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  • Research article
  • Open Access
  • Open Peer Review

Burden of NCDs in SNNP region, Ethiopia: a retrospective study

  • 1Email author,
  • 1,
  • 2,
  • 2,
  • 1,
  • 1,
  • 1,
  • 1 and
  • 2
BMC Health Services Research201818:520

https://doi.org/10.1186/s12913-018-3298-0

  • Received: 15 January 2018
  • Accepted: 14 June 2018
  • Published:
Open Peer Review reports

Abstract

Background

Non-communicable diseases (NCDs) are medical conditions or diseases that are non-transmissible. As NCDs are becoming one of major public health problem, providing local description of diseases and injuries is key to health decision- making and planning processes. So, this study aimed to describe caseload of NCDs in Southern Nations Nationalities and People’s Region, Ethiopia.

Methods

A facility based retrospective study was conducted in February 2015 in SNNPR, Ethiopia. A total of 22,320 records of three years retrieved from 23 health facilities using systematic sampling. Data were entered in to Epi-Info 3.5.3 and descriptive analysis was carried out using SPSS version 20.

Results

From 22,320 records reviewed, 6633 (29.7%) clients visited health facilities due to Non-Communicable Diseases (NCDs). Majority (37.2%) of NCD cases were in productive age groups (20–35 year). Near to half (43%) of NCD cases were from rural and 45.8% were females. Digestive disorder (26.7%), cardiovascular diseases (18.8%) and Diabetes Mellitus (13.1%) were the most prevalent types of NCDs.

Conclusion

Health facilities are burdened with significant proportion of clients with NCDs. Young population accounts large share and NCDs are becoming public health problem of urban and rural area within a health care system that focus on communicable diseases. There is a need to strengthen the health system to work towards NCDs, and investigate risk factors associated with NCDs at individual level.

Keywords

  • Non-communicable diseases
  • Digestive disorder
  • Cardiovascular diseases
  • Diabetes mellitus
  • SNNPR
  • Ethiopia

Background

Non-communicable diseases (NCDs) are medical conditions or diseases that are non-transmissible [1]. Cardiovascular diseases, cancers, chronic respiratory diseases and diabetes are the four leading types of NCDs [13]. Risk factors for NCDs are categorized in to modifiable (behavioral), metabolic and physiological risk factors. Modifiable behavioral risk factors comprise tobacco use, physical inactivity, unhealthy diet and harmful use of alcohol [1]. An important way to reduce NCDs is to focus on lessening above mentioned risk factors, early detection and timely treatment [4].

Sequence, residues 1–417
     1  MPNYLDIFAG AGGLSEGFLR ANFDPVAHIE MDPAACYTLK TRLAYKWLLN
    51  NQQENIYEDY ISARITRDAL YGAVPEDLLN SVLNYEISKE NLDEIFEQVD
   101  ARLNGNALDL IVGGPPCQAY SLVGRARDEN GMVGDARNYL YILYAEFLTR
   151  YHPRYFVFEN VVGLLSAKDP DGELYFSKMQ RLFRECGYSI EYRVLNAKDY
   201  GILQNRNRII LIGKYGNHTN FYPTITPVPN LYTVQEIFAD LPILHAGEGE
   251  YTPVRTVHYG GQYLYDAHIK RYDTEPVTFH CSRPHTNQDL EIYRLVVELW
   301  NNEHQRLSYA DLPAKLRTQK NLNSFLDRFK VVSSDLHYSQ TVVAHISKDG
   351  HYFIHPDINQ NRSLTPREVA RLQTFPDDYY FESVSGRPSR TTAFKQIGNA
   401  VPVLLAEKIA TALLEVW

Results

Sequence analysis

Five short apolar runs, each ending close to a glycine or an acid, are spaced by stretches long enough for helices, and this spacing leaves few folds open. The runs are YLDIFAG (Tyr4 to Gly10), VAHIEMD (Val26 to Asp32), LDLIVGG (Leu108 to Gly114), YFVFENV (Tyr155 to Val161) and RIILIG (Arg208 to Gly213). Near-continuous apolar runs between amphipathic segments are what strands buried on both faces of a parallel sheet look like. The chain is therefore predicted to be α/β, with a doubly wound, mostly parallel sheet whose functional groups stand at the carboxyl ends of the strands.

NCDs are one of the major health problems and in 2015, it was reported that they were responsible for 68% of the world’s deaths [5]. Almost three quarters of all NCD deaths and the majority (82%) of premature deaths occur in low- and middle-income countries [5]. In African nations, NCDs are rising rapidly [4, 68] and are projected to exceed communicable, maternal, perinatal, and nutritional diseases as the most common causes of death by 2030 [4]. World Health Organization (WHO) 2014 country profile reported that about 30% of total deaths in Ethiopia were associated with NCDs from which cardiovascular diseases, cancers, chronic respiratory diseases, diabetes, and others NCDs accounted for 9, 6, 3, 1 and 11% respectively. It was also estimated that the probability of dying between ages 30 and 70 years from the four main NCDs was 15% [9].

Despite these facts, these diseases have not been given adequate attention due to the overwhelming burden of infectious diseases [6]. In the context of epidemiologic transition in Ethiopia, a double burden of disease is already emerging with mix of persistent communicable disease and increasing NCDs [10, 11]. However, the burden of NDCs is believed to be under estimated due to lack of reliable data and lack of disease registration system [8, 11].

A reliable description of diseases (health conditions) and their risk factors is an important input to planning and decision- making [12, 13]. But considerable proportion of countries (including Ethiopia and study region) have little usable mortality data and weak surveillance systems [4, 11]. So, this study was carried out to provide local evidence on burden of NCDs (in terms of caseload) to inform decision-makers and improve planning on NCDs in Southern Nations Nationalities and People’s Region (SNNPR), Ethiopia.

Methods

Facility based retrospective study was conducted in SNNPR Ethiopia in February, 2015. SNNPR is the third largest administrative region in the country and is the most diverse region in terms of language, culture and ethnic background. Administratively the region is divided into 14 zones, 1 city administration and 4 special woredas. Woreda, equivalent to district, is government administrative structure in zone with approximately 100,000 population while special woreda is woreda directly accountable to region, not contained in zone. Based on 2007 census, the region had an estimated population of 18.9 million in 2014 [14]. According to regional health bureau 2013/2014 annual report, there were a total of 21 governmental hospitals, 703 health centers and 3835 health posts [15]. Health posts mainly perform preventive activities at community level while health centers perform both curative and preventive activities leading (on average) 5 satellite health posts in their catchment.